A bite through a sour Dutch apple

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Jascha de Pater. (Photo: Personal archive, Demokracija archive; Montage: Matic Štojs Lomovšek)

Decision making in Dutch politics concerning the Coronavirus pandemic has been a very slow process. When a decision was finally made it was always so full of compromises that it cannot be called resolute action. Furthermore, national politics shifts many responsibilities on to the municipalities, the business owners – such as stores and café’s — and the “common decency” of people.  When these soft measurements turned out to be ineffective and the hospitals began to flood with Corona patients in need of intensive care, harder measurements had to be taken. This was a partial lockdown of which nobody really understood the exact rules due to conflicting public announcements.

When these measurements were finally taking effect, they were slowly dismantled due to the pressure – of mostly business owners – to resume public life again. People could travel and go out to café’s and nightclubs (although with some extra rules) again. Recently the Corona infections have been rising exponentially and we are currently dealing with the second wave.

During which, the same slow and moderate measurements process is starting again. Only this time, mouth protector masks came into the picture more assertively. Meaning, they have to be worn not only in the public transport, but in the public spaces such as stores as well (if the store owners demand it, of course). Despite the mentioned, the general public on the streets still seems to be way too relaxed about it. This could be due to RIIVM’s (Rijksinstituut voor Volksgezondheid en Milieu – National Institute for Health and Environment) early and too fast conclusions that the masks were seen as ineffective. During their decision-making process of the first wave, they advised the government and this is why masks were not that important within that time frame. Now, however their opinion had taken a new turn and they seem to change their mind about it, which naturally reflects within the current measures which are, still not binding. Reason for that being that wearing the masks cannot be obligatory because of national law which would be in conflict with such potential measurements. Long story short, government decision-making on mask wearing obligations, keeps shifting towards the store owners. The latter are under the spotlight, as the government is blindly expecting them to give a final call on customer’s mask wearing “obligations”. Moral of the story – should we trust our mask-wearing instincts?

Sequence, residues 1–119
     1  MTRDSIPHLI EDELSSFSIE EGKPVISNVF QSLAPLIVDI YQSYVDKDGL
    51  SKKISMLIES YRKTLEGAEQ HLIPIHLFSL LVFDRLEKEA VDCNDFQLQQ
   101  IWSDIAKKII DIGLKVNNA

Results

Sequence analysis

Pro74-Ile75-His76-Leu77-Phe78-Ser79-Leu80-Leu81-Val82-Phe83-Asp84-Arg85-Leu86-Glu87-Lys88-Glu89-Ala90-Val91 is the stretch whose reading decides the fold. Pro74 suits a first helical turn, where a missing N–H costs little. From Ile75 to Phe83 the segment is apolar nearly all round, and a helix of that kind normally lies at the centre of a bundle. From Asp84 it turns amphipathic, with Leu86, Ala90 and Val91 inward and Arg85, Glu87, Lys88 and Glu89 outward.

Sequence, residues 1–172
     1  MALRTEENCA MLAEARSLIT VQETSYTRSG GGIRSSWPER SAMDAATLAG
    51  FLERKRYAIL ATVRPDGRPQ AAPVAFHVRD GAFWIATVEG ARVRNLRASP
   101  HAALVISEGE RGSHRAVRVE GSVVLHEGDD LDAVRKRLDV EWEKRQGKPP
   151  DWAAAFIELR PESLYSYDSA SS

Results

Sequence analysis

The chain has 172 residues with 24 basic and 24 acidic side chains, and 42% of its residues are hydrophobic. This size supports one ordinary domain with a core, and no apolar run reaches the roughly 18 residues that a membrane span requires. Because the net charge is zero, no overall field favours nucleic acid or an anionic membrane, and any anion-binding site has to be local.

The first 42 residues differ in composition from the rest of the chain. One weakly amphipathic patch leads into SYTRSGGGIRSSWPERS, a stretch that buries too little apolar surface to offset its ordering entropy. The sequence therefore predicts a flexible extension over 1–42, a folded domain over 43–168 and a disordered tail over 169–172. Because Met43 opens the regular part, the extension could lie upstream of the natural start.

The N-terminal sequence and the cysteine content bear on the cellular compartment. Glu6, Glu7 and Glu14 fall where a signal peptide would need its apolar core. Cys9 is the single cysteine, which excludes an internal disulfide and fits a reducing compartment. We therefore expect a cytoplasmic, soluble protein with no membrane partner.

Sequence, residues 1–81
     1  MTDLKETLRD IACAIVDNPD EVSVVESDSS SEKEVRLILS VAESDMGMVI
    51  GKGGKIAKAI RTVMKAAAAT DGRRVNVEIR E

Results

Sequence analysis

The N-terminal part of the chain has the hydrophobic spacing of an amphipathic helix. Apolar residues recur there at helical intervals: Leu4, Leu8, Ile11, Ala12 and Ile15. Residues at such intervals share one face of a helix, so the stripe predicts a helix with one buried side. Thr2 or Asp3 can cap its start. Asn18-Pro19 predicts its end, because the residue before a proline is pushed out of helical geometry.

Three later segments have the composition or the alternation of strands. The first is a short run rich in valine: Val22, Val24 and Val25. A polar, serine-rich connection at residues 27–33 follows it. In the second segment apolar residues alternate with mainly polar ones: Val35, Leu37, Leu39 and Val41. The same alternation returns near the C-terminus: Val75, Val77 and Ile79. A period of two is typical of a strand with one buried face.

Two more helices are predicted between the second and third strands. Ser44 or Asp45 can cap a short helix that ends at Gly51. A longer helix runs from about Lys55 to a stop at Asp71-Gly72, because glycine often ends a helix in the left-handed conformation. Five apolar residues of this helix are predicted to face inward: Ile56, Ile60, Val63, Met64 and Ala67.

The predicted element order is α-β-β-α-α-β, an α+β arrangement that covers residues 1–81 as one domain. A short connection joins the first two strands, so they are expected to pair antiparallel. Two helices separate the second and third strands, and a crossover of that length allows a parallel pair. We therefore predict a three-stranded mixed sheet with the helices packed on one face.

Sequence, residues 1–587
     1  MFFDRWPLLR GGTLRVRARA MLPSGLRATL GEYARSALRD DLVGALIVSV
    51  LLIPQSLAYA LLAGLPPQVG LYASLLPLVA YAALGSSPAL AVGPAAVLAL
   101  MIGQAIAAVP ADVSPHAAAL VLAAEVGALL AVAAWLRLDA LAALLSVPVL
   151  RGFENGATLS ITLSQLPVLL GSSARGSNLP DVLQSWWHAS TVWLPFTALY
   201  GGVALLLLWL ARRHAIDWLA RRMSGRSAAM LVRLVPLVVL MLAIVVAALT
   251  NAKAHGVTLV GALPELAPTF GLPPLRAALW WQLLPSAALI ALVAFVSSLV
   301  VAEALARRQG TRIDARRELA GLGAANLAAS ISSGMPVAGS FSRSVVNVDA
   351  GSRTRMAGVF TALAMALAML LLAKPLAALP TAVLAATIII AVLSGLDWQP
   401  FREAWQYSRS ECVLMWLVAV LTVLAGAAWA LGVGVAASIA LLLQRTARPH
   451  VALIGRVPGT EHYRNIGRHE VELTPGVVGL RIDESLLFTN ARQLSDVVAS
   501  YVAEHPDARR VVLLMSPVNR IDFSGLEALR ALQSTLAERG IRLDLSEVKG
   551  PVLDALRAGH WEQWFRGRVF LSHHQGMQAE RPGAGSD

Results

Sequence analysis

Last but not least, we cannot move pass the topic of the testing. During the first wave it has been announced that there were surprisingly not enough tests, so most of the people that got sick (and were showing only mild symptoms) were advised not to be tested. Only individuals that were submitted directly to the hospital (due to severe complications and symptoms) and healthcare workers were actually tested. Underestimations of the virus were therefore unavoidable.

For a while, authorities were also of belief that the country ran out of tests. Later on, it, of course, turned out this was not the case. Another common topic in terms of testing is also the authorities not buying the tests from large medical laboratory but instead keep ordering it from multiple research labs all over the country which caused an additional inefficiency. It is only now, that they started ordering tests in bulk. 

As far as the general public opinion goes, it seems to be that everyone is fed-up with the rules. Not only because it prevents people from getting back to their so called normality, but also because the measures seem to be ineffective. Latest numbers of virus infections no not seem to be put on hold. Drastic measures therefore seem to be unavoidable. Combined with the frustrations of the people, they seem to be the only way (for now) that could bring daily lives back on track.  As the Dutch saying goes:Door de zure appel (heen) bijten” –  Let us bite thorough the sour apple.

 

About the author:

Jascha de Pater is a Dutch electronics engineer. He lives in Amsterdam.

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